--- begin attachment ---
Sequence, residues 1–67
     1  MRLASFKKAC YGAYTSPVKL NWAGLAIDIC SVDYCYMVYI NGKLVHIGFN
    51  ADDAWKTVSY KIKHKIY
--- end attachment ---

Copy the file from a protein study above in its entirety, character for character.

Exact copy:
Sequence, residues 1–67
     1  MRLASFKKAC YGAYTSPVKL NWAGLAIDIC SVDYCYMVYI NGKLVHIGFN
    51  ADDAWKTVSY KIKHKIY